Floaty Feathered Top
Posted on Wednesday the 11th July 2018 by Red Sews
Hi there! Hope you’re enjoying the glorious heat wave conditions? Personally it’s getting a touch warm; I think I’m genetically designed for somewhat less sun!
Anyway, I digress. My make for this month is actually perfect for this type of weather, so for once I’m all prepared. I chose to use this beautiful Cotton Lawn Fabric, printed with glorious mosaic cranes. I’ve seen this fabric all over Instagram and it seems to look amazing whatever you use it for.
I was originally going to make a different top out of it, but then when it arrived, it was crying out for a pattern with minimal seam lines; I basically wanted to cut into the print as little as possible. I opted to pull out the Hey June Handmade “Trevi” top. This pattern is a lovely one; it’s beautifully cut to be as flattering as possible, but it’s really straightforward to pull together with a minimum of pattern pieces. It can also be made as a dress.
I have to admit that this fabric is not really what the pattern was designed for. The pattern instructions call for something with lots of drape and no structure. If you want to see what it looks like in a lovely, flowy rayon, check out the blog post I did the first time I made this top, last summer.
I think the reason for the recommendation is to ensure that it skims your curves rather than standing away from your body. However, on this occasion, I decided that that was the look I was going for, so totally ignored the instructions and did my own thing!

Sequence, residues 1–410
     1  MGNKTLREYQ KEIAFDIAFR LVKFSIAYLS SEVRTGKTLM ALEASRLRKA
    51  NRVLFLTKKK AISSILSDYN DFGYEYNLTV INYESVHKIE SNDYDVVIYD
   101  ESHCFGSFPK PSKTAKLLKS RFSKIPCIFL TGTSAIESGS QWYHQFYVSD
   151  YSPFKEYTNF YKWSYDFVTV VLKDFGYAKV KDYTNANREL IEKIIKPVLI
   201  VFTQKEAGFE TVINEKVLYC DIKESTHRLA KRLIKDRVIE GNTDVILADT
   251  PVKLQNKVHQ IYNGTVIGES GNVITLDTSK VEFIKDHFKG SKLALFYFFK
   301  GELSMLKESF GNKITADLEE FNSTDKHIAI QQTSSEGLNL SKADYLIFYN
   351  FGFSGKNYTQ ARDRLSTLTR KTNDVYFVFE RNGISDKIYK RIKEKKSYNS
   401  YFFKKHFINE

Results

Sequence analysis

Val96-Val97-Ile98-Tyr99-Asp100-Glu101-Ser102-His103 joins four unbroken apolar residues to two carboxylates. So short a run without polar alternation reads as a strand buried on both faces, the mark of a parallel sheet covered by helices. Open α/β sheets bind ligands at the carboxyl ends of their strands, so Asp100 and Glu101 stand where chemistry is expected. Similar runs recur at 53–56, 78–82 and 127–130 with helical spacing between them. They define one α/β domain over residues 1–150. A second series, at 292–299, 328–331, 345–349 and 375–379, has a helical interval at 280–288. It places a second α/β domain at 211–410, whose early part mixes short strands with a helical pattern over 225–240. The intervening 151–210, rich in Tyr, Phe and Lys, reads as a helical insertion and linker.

And I think I got away with it. The top does have a fair amount of body to it, as I’d expect from a lawn, but I- actually like the effect. You absolutely get the impact of the print, which was what I was really aftr.
It may look like I didn’t think about pattern placement (which to be honest, I often don’t), but actually, I thought about it for quite a while. I decided that I didn’t want a bird front and centre, preferring instead to aim for one going up and over a shoulder and another lower on the top. I’m happy with the slightly abstract effect this gives.
The neckline and armholes are finished with bias binding. I know this can be a little more fiddly, but I much prefer this to using a facing on a summery top; I really don’t like adding extra layers of fabric to something I’m wearing to keep cool. The stable nature of the beautiful cotton lawn meant making my own bias was easy, so it’s all very smart inside.
I cheated a little on the back of the top; instead of sewing multiple buttons and buttonholes, I used my Prym pliers to install snaps in gold all down the back. I won’t pretend they were 100% happy about going through the fabric, but I made it work!
So, despite breaking a few rules, I have a summery top I am really happy with that is definitely meeting all my stay-cool and cover up delicate skin requirements in this weather.